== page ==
Age- and sex-specific incidence rates were calculated using the method of Leske et al,25 which uses the increase in age-specific prevalence between consecutive age bands to calculate incidence considering the presence of competing mortality. The Basque Institute of Statistics provided sex- and age-specific mortality rates for 2003.26 Prevalence and incidence rates are shown per 10 000 individuals.
All effects were considered significant at P < .05, unless otherwise noted. Statistical analyses were performed using SAS for Windows statistical software, version 8.2.27
A total of 11 002 residents were randomly selected from the registry. Of these residents, 852 were excluded because they did not meet the selection criteria. Of the remaining 10 150 individuals, 2326 did not return the KHOA-SQ after 3 mailed requests and a telephone contact, 177 explicitly refused to participate, and 70 provided information about a relative. A total of 7577 individuals answered the KHOA-SQ, for a final response rate of 74.7% (Figure 2). Their general characteristics and answers to the main questions of the KHOA-SQ are listed in Table 1.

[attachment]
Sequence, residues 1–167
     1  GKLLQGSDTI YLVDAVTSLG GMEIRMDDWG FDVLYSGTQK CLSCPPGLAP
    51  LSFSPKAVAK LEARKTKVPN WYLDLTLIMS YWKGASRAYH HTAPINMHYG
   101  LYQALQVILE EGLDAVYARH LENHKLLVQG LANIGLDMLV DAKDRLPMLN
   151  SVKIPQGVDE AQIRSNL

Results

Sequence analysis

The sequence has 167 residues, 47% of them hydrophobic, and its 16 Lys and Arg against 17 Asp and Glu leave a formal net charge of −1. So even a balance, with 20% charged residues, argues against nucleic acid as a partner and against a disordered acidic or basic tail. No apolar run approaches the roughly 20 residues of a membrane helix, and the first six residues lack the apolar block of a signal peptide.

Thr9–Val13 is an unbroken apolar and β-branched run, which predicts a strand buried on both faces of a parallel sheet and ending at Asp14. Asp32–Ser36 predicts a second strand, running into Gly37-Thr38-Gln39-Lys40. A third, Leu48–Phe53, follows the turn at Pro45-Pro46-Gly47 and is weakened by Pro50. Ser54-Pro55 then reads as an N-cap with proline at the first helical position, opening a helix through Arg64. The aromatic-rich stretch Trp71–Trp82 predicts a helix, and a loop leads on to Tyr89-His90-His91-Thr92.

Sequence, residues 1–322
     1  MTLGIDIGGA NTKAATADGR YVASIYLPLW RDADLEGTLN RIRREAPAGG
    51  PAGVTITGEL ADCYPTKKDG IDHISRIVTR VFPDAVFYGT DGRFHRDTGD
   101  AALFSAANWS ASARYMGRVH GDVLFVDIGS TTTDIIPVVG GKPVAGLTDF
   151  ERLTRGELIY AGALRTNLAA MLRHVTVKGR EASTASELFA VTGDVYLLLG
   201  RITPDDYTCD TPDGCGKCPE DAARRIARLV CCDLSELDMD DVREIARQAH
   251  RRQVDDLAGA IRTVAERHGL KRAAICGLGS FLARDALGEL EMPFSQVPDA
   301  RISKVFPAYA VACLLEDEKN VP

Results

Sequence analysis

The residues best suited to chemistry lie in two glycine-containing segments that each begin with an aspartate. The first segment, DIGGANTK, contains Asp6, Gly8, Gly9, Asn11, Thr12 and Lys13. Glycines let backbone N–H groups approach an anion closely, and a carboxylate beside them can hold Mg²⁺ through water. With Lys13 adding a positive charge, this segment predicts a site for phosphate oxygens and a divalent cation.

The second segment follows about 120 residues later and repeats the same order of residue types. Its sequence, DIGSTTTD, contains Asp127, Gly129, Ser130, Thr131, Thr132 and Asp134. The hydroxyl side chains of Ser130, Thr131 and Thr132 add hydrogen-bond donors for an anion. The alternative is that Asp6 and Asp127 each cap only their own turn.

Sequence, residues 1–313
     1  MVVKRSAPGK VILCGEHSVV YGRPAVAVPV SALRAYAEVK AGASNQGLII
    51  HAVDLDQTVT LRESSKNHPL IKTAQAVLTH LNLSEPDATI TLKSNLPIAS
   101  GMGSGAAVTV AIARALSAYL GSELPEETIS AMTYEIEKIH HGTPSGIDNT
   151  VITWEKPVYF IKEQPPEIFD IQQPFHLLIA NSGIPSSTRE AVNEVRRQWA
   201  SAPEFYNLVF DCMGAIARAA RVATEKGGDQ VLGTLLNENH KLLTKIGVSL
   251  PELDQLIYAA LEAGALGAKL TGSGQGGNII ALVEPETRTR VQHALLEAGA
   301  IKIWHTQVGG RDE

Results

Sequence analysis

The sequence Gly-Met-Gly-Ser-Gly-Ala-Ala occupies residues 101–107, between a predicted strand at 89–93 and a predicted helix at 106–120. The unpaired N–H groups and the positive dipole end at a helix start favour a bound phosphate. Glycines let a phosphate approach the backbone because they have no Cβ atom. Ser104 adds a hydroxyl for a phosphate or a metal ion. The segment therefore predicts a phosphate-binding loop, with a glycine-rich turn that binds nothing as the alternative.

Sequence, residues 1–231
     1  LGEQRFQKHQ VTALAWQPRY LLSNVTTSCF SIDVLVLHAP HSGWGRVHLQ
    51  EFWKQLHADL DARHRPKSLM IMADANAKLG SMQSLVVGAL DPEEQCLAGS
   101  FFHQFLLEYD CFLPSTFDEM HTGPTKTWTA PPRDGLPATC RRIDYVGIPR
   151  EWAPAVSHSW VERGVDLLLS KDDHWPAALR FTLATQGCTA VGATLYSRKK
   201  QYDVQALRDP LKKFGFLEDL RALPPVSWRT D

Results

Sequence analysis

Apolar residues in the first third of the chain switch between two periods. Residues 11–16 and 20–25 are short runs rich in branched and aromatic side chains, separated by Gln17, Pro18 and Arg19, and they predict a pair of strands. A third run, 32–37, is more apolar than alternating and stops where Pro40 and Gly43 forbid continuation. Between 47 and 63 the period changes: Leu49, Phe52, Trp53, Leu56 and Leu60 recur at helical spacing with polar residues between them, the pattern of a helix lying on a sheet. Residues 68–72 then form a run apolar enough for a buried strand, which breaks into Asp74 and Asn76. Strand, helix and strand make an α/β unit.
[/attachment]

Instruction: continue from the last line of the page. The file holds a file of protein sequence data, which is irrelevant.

Patient selection process (A), knee osteoarthritis evaluation (B), and hip osteoarthritis evaluation (C). KHOA-SQ indicates Knee and Hip OsteoArthritis Screening Questionnaire.
A total of 3168 respondents (41.8%) had KHOA-SQ results indicative of knee or hip osteoarthritis or both, and 4409 respondents did not (Table 2). A total of 1115 of the 2538 respondents with results indicative of knee osteoarthritis were examined by an orthopedic surgeon. Of these respondents, 710 (63.7%) were diagnosed as having knee osteoarthritis. Regarding hip osteoarthritis, 772 of the 1708 respondents whose KHOA-SQ results were indicative of hip osteoarthritis were clinically examined. Of these respondents, 339 (43.9%) were diagnosed as having hip osteoarthritis. There were no statistically significant differences in the presence of knee or hip symptoms on the KHOA-SQ between respondents who agreed to undergo an orthopedic examination and those who did not.
Suspicion of osteoarthritis, based on KHOA-SQ results, was higher in women than in men in each age group and generally increased with age, except in those aged 80 to 89 years. Suspicion of knee osteoarthritis was more common than hip osteoarthritis; both were exceeded by suspicion of osteoarthritis in both joints.